Montgomery County prosecutor mandates COVID-19 vaccines for employees; politician disagrees

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The Montgomery County Prosecutor says he is mandating that his employees get a COVID-19 vaccine.

The Montgomery County prosecutor told employees they are required to get a COVID-19 vaccine or face possible termination, a move that law experts say is allowed but a politician is calling controversial.

Prosecutor Mat Heck Jr. sent an email to his staff on April 13 telling them that he is mandating vaccines to protect their safety and the safety of the public.

Mat Heck Jr.
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Mat Heck Jr.

“I have the responsibility to provide a safe working environment for all our staff, and ongoing concerns have been raised about some vaccinated employees being exposed to unvaccinated employees upon return to the office and the effect that may have on family members of our staff, including children too young to receive a COVID vaccine,” the prosecutor wrote. “Additionally, the interactions that our staff have with the public with which we come in contact, must also be considered. This virus is serious and has not gone away. Steps must be taken to protect those we work with on a daily basis.”

According to the prosecutor’s staff directory, the office has about 120 employees.

The issue is one that many private U.S. companies are debating. The U.S. Equal Employment Opportunity Commission made clear that employers can require vaccines as a condition of employment, Robert Harris, a partner in the law firm Vorys, Sater, Seymour and Pease, previously told the Dayton Daily News.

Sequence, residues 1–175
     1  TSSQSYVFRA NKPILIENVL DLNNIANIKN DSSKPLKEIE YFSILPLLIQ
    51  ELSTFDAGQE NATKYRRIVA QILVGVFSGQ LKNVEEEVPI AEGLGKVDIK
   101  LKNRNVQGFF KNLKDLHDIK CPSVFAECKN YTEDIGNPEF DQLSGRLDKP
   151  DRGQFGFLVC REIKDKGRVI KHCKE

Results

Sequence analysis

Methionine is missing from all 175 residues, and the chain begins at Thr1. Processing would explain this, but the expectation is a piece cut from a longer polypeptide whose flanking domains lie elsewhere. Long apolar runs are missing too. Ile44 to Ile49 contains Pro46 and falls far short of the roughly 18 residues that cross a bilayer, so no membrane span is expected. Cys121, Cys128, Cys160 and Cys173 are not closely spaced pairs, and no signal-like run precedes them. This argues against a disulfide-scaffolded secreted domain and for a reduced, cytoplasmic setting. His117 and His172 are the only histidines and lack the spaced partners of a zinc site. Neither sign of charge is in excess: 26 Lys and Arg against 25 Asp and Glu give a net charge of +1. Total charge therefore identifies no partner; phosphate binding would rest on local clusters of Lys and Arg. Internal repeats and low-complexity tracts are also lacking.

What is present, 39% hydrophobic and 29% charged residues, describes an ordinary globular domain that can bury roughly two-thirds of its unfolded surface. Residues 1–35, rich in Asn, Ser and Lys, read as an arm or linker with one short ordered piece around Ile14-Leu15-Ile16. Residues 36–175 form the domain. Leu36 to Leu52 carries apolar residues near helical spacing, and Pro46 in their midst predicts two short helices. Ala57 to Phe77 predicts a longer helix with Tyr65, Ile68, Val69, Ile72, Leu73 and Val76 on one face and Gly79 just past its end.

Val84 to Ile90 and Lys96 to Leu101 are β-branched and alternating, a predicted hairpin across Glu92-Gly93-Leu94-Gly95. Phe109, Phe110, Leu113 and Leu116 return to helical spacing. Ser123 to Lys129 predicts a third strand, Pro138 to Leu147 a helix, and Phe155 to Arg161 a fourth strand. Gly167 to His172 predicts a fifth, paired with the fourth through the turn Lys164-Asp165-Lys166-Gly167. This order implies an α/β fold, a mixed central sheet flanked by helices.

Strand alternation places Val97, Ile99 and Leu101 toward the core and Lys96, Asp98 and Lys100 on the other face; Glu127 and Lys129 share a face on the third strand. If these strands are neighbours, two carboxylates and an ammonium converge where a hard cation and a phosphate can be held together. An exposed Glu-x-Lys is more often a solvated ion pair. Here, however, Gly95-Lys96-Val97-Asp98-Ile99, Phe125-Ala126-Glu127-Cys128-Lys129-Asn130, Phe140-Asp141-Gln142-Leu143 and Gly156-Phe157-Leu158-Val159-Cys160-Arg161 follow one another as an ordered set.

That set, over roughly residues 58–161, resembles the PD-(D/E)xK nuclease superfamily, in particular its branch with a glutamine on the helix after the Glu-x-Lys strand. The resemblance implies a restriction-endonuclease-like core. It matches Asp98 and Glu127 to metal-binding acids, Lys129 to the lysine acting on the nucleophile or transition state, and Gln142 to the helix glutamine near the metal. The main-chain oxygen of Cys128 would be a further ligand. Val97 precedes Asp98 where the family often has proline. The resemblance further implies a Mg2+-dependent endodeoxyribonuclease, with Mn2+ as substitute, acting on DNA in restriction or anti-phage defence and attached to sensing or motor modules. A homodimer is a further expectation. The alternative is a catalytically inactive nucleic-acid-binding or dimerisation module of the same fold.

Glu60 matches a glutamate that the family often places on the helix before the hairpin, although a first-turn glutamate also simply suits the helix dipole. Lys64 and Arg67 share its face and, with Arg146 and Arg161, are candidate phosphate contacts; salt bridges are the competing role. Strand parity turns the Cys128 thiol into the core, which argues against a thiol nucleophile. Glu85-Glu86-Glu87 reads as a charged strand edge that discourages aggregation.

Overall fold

ExploreYour company can make you get a COVID shot, but many won’t. Here’s why.

But even if it’s currently legal, not everyone agrees with the mandate.

“Montgomery County is part of 43rd District, and I can’t stand for this! This isn’t the America we need or want!” state Rep. Rodney Creech, R-Preble County, wrote on his Facebook page about the prosecutor’s mandate.

Ohio House Representative Rodney Creech
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Ohio House Representative Rodney Creech

Credit: Rodney Creech

Credit: Rodney Creech

Creech is co-sponsoring a bill that would allow an individual to decline the vaccine.

“Simply what it does, it just allows people to choose not to get the vaccine and not be discriminated against,” Creech said in a video explaining why he supports the bill. “There’s no reason we should be second-class citizens if we choose not to get the vaccine.”

Along with Creech, Bill Dean, who represents parts of Greene County and Clark County, and Nino Vitale, who represents Champaign County and parts of Shelby and Logan Counties, are also co-sponsoring the bill.

ExploreWATCH: Local business owner hopes employees get COVID-19 vaccine

The bill is currently being reviewed in a House committee.

Heck said the only exceptions that would allow an employee to not get the vaccine are if they have a qualifying disability or medical condition, which an employee must support with documentation, or a validated, sincerely held religious belief.

The email says employees are allowed to take time off to get the vaccine, must provide documentation proving they have been vaccinated and will receive an additional day of leave as a “thank you” when they get it.